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How to Resolve Construction Disputes
How to Resolve Construction Disputes

Nicola Webster, a commercial dispute resolution specialist with particular experience in resolving disputes in the construction sector, looks at the best ways to manage construction disputes as well as at how to keep disputes from happening in the first place.

What types of construction disputes often arise?

The nature of construction projects often with multiple parties, complex works, and various extraneous circumstances beyond the control of the parties, make them fertile ground for disputes. Disputes in construction projects arise for a number of reasons, but most often are due to delays, defects, non-payment and variations.

A vast number of construction disputes are resolved swiftly on site but when they are not, the effects can be devastating for one or more of the parties involved and can result in termination of the contract and/or a protracted and expensive legal dispute.

Why try to avoid going to Court?

There are several good reasons why you should try and avoid Court proceedings if possible, including:

  • Time – Court proceedings can deprive managers and employees of valuable time that could otherwise be spent on other, more lucrative, projects.
  • Cost – Court proceedings can be expensive and there is the risk that if you are unsuccessful at trial, you may also be responsible for the other parties costs as well as your own.
  • Damage to business relationships – Court proceedings are likely to damage the possibility of any ongoing business relationship with the other party.
  • Damage to reputation – Court proceedings are public and can cause irreparable damage to a business’s reputation.
  • Uncertainty – Court proceedings are risky as there can be no guarantees as to the outcome.

A five step plan to avoiding disputes

It makes sense, given the time and costs that can be incurred when disputes go unresolved, to try and avoid them if possible. So, here are some simple and practical ways that you can seek to reduce the risk of disputes arising or escalating.

1. Clear contractual documentation

Even if you have a good and long standing relationship with the other party you intend to do business with, make sure you have clear contractual documentation in place that sets out the details of the project, the scope of the works, obligations of the parties and deals with the main areas of risk.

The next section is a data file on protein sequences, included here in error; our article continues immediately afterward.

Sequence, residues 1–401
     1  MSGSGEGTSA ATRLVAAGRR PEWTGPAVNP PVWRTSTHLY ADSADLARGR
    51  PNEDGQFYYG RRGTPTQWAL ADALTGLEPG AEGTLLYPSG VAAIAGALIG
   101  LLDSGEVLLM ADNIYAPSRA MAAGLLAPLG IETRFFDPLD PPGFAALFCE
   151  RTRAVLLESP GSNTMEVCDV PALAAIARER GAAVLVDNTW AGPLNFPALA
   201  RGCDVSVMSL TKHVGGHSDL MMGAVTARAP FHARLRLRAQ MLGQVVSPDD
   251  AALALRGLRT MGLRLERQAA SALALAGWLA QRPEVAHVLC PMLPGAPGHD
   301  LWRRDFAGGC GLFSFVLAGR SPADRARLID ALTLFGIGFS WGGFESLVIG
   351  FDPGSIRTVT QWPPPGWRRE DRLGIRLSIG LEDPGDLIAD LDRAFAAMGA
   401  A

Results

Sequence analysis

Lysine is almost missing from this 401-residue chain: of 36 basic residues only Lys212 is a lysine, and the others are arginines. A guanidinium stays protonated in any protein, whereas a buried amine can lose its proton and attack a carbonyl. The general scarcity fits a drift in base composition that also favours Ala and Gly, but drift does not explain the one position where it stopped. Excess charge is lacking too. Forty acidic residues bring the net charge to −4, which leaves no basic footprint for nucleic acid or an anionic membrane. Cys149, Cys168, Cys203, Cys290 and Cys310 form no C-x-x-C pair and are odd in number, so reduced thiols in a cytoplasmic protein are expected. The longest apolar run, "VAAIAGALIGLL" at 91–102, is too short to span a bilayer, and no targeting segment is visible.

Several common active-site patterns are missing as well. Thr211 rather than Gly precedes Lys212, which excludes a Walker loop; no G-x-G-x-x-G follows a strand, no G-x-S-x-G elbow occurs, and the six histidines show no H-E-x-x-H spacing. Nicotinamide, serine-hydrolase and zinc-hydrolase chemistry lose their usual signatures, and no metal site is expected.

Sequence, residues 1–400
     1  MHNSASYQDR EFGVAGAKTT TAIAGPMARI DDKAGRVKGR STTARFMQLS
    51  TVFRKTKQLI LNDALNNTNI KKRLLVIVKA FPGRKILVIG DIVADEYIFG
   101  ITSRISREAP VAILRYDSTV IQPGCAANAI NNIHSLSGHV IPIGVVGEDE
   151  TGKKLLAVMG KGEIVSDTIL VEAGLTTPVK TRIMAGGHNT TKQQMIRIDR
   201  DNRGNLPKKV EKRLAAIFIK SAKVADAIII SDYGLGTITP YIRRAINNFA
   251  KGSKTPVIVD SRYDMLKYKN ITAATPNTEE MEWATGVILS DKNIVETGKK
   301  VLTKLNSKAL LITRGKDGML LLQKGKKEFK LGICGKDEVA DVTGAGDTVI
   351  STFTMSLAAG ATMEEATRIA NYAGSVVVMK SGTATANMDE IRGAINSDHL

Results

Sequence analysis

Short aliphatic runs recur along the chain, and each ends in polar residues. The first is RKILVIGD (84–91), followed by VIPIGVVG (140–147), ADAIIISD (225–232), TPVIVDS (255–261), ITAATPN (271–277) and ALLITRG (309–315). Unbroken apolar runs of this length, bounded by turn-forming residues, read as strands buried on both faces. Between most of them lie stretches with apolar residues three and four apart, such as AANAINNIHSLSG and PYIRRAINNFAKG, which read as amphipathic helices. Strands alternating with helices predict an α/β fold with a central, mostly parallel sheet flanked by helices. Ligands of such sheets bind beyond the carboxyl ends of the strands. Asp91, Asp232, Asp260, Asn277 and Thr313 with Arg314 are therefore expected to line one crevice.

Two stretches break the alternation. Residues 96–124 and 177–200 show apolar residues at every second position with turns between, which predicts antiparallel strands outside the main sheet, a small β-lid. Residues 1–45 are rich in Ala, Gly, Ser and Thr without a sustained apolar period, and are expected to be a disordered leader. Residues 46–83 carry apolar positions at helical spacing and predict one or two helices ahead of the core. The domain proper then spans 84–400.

The most common areas of risk in construction projects are delays/extensions of time, defects, non-payment, and variations, so it is wise to ensure that the contract has adequate mechanisms in place to deal with each of these main areas. However, this is by no means an exhaustive list and careful consideration should be given to identify the risks specific to any given project.

Make sure you understand the contractual documentation and if you are in any doubt or would like the contractual documentation reviewed, seek legal advice.

2. Clear Payment Provisions

Good cash flow is essential in construction projects and delayed payments can cause animosity between the parties quickly so it is important the payment provisions in the contract are clear. Ensuring payments are made when due and valuations are carried out promptly can avoid hostility between the parties. If you are ever in any doubt as to whether you should be making a payment under a contract, because the provisions are unclear or because there is some dispute about the work, seek legal advice.

3. Keep a record

Many disputes can be resolved quickly by looking at retrospective records. This means keeping an accurate and written record throughout the course of the project can be valuable when a problem starts to arise.

For example, keep written records of minutes of meetings, when you take delivery of materials, labour undertaken on the project, and materials used. As particular areas of risk are delay and variations, it is important to keep accurate records of any changes and the impact those changes have in terms of time, resource allocation, and cost.

Other records such as, invoices, receipts, timesheets, progress reports, photographs, etc. are also valuable records when seeking to resolving problems at the earliest opportunity and before they escalate.

4. Regular monitoring

Regular monitoring of progress, costs, and quality can help to identify problems as they arise. This means that they are often much easier to resolve and can help stop disputes escalating. It may also help if any actions taken to resolve problems throughout the course of the project are recorded.